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Nerves of steel


 India’s steel demand may grow 3.3% this year on higher demand from construction and manufacturing sectors, the World Steel Association (WSA) said. In India, steel demand is expected to grow to 76.2 million tonnes in 2014, following a 1.8% growth in 2013, the WSA said in its short-range outlook for 2014 and 2015.
Indian steel structures market is growing at more than 10% a year and has surplus of 4.5 million tonnes over the past few years. The structural steel market has experienced a higher growth compared to steel as well as construction GDP. Despite global economic slowdown, demand for structural steel is likely to maintain steady growth.
Steel is also extensively used for pre-engineered buildings, which is fast gaining popularity due to relatively simple and standard designs. In India, structural steel has traditionally been fabricated on-site, mainly due to lack of infrastructure for transporting heavy sections from an off-site workshop to project site. Moreover, there is often insufficient space at a site to set up a fabrication workshop, while inexpensive skilled labour is at a premium.
Alakesh Roy, managing director, Zamil Steel, says, “If fabricators and vendors can avail of complete rolled sections then production can be done at the factory. We would not require executing fabrication at the site or design. So workers can work on the site premises and build the structure. All that the fabricator will be required to do is transport the material and fit it up.”
If you look at it from the point of view of civil construction (the cement and concrete section) each lift, considering the standard size of three metres, takes a month’s time. As buildings go higher, then the vendor will require that many numbers of months for the lift alone.
In terms of sourcing, most vendors in the western region source steel products from within Maharashtra. For certain sections they have to look at Chhattisgarh and Orissa where most of the rolled sections are available at a lower cost. If there is a larger interest in structural steel, then it would make sense to set up rolling mills in the western region. Traditionally, Maharashtra has never been a structural steel fabrication hub. It is more focused on automotive and other engineering but not heavy engineering. The heavy engineering is located in Chennai or in central parts of India, says Roy.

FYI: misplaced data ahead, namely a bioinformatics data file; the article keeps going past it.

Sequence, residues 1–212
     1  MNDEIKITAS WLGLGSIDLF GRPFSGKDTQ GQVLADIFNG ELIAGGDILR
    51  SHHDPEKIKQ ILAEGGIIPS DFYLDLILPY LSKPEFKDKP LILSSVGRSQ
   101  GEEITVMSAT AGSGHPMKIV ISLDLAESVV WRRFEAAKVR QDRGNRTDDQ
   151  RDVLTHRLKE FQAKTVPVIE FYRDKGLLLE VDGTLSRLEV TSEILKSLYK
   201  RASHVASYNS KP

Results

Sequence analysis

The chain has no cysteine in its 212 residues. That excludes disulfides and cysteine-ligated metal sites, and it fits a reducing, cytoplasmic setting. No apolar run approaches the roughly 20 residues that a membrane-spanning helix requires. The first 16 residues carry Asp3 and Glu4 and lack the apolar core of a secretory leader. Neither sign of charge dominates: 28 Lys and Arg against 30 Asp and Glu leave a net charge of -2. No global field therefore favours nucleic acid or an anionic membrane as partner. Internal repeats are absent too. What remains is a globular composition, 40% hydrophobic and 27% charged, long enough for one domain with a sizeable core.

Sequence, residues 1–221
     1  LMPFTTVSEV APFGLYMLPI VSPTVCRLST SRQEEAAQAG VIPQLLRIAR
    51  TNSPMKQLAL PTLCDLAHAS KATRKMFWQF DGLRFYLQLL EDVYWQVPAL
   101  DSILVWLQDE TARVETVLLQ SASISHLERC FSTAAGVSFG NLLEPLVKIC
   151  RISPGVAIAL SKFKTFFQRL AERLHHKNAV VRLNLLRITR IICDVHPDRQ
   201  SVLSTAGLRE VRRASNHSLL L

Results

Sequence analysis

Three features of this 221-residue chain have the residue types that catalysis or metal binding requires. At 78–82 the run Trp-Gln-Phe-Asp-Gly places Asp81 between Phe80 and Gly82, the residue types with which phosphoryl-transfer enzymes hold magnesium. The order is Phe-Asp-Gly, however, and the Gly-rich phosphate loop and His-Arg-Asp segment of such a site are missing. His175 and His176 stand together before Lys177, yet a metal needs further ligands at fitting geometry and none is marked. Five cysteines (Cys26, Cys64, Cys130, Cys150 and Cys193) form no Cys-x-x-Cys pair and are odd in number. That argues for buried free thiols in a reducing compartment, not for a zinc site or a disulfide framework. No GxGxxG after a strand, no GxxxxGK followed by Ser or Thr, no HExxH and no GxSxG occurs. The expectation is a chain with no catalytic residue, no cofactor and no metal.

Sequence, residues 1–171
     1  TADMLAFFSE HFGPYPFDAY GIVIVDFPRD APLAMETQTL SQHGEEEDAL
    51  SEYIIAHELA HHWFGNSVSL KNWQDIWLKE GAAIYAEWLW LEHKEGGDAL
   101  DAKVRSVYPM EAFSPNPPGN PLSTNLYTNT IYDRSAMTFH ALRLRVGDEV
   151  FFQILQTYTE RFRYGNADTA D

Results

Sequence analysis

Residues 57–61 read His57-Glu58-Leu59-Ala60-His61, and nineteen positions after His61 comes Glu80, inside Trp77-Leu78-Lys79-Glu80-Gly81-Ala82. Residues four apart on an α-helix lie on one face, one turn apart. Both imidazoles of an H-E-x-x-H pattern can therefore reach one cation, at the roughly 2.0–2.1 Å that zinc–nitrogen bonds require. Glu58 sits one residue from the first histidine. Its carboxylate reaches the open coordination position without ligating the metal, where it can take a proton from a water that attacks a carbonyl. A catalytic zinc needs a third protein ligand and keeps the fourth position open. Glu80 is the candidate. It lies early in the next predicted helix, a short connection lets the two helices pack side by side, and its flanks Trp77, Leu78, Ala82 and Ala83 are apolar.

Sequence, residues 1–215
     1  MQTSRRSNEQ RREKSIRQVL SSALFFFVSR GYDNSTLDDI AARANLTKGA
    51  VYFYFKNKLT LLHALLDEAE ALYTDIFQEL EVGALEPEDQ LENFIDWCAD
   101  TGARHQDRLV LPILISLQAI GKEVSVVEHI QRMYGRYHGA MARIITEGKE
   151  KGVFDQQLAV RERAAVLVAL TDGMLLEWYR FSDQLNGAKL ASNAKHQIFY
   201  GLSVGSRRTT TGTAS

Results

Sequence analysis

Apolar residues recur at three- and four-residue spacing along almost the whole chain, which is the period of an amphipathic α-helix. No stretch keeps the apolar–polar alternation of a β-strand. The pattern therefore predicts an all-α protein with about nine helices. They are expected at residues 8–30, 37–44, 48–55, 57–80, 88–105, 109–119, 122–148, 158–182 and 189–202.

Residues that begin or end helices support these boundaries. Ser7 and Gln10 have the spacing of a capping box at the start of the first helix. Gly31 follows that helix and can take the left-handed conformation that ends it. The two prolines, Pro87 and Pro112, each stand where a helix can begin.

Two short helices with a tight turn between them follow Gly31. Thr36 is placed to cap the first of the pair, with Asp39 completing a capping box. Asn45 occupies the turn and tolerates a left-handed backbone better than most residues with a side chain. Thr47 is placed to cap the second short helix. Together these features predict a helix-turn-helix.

Using structural steel in building segment helps in faster construction and overcome space constraints at project site especially those having large clear spans. It also has high-load bearing strength with low weight and causes lower pollution compared to concrete. Steel can even be reused at the end of its life cycle.
Steel production causes less pollution than most other industrial materials including cement. Further, steel can be recycled 100%, and its value generally appreciates over the time while other building materials’ value depreciates over the time. The responsibility to increase steel in construction is tasked to the private sector who would take the decision based on the attractiveness of the sector. A senior spokesperson at Essar Steel says, “It is nice to see that private investments in fabrication and steel intensive construction have been increasing in the last few years and designers are now more amenable to using steel based designs in their building architecture.”
Ajay Rattan, general manager, sales and marketing (Lysaght), Tata Bluescope Building Products, says, “Faster and economical solutions are being achieved in recent times especially through the evolution of pre-engineered buildings and the usage of decking systems. Most industrial projects are now being completed by using rafters, purlins (C & Z types) and girts as structural materials.
Over the years, steel has become the most preferred material in construction in various forms. Some of the major reasons for choosing steel are:
Strength: Steel sheets when used as decking material, offer excellent locking mechanism with concrete thereby providing a strong structure especially for casting of multiple slabs.
Durability: Profiled, colour coated steel sheets when used for roofing and walling application provides aesthetically pleasing appearance that can last long for up to 20 years.
Ease of availability: Compared to other building material like sand, cement, aggregates etc, steel has the most unique advantage in terms of availability in various forms that can be readily used.